• Struggles and failures are not just okay, they are essential for growth.
    If there is no struggle, there is no growth.
    Failure is essential for success.  Success is not a destination.
    Not everything that is faced can be changed, but nothing can be changed until it is faced.   James Baldwin
    You can't change your past, but you can CHOOSE your future.
    Seeking help is a sign of strength.
    How do you eat an elephant?   One bite at a time.   Think of this quote when you are feeling overwhelmed.
    Suffering produces perseverance; perseverance, character; character, hope.  Romans 5:35
    Remember, the process is as important as the product.  Enjoy the process. 
    Life is a journey, not a race.
    Secret to Academic Success: Read! Write! Review! Repeat Daily. 
    Your attitude and actions are as important as your ability. 
    Your actions are a better predictor of your future success than your IQ.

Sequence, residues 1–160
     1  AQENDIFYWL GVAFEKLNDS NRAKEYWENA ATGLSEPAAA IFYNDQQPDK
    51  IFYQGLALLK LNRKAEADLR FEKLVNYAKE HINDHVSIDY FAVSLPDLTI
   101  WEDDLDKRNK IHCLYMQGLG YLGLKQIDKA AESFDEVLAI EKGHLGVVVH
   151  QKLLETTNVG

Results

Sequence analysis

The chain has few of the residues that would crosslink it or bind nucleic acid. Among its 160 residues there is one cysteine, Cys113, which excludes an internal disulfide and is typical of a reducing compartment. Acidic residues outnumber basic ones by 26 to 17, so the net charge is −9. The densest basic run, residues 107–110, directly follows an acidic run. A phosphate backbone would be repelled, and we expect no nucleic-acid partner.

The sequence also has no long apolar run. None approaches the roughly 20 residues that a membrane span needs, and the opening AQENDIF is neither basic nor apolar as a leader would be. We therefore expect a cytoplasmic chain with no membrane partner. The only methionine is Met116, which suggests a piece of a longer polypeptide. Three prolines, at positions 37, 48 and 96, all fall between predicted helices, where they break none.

The only way to become a better writer is to write and re-write.
    "Never doubt that a small group of thoughtful committed citizens can change the world.  Indeed it is the only thing that ever has."
    Margaret Mead
     Don't allow peer pressure to cause you to lose your humanity.  Eventhough you can regain your humanity, you can never take back an unkind word or act from the person who received it from you.  Even if that person forgives you, she will never forget how she felt when when you were unkind to her.
    As human beings, we often classify people by race, gender, ethnicity, class, etc. I challenge you to look at a person and see a human being instead of seeing Black, White, Latino, American, French, Puerto Rican, Northerner, Southerner, etc.  As human beings we all have strenghths, weaknesses, triumphs, and struggles.  From now on, look at a person and ask yourself: "What are his struggles?  What are her strenghths?"  Although it is important to understand the issues that go along with race, class, gender, ethnicity, etc., you will gain a better understanding of humanity by trying to understand people as people first and by their race, gender, ethnicity, and class second.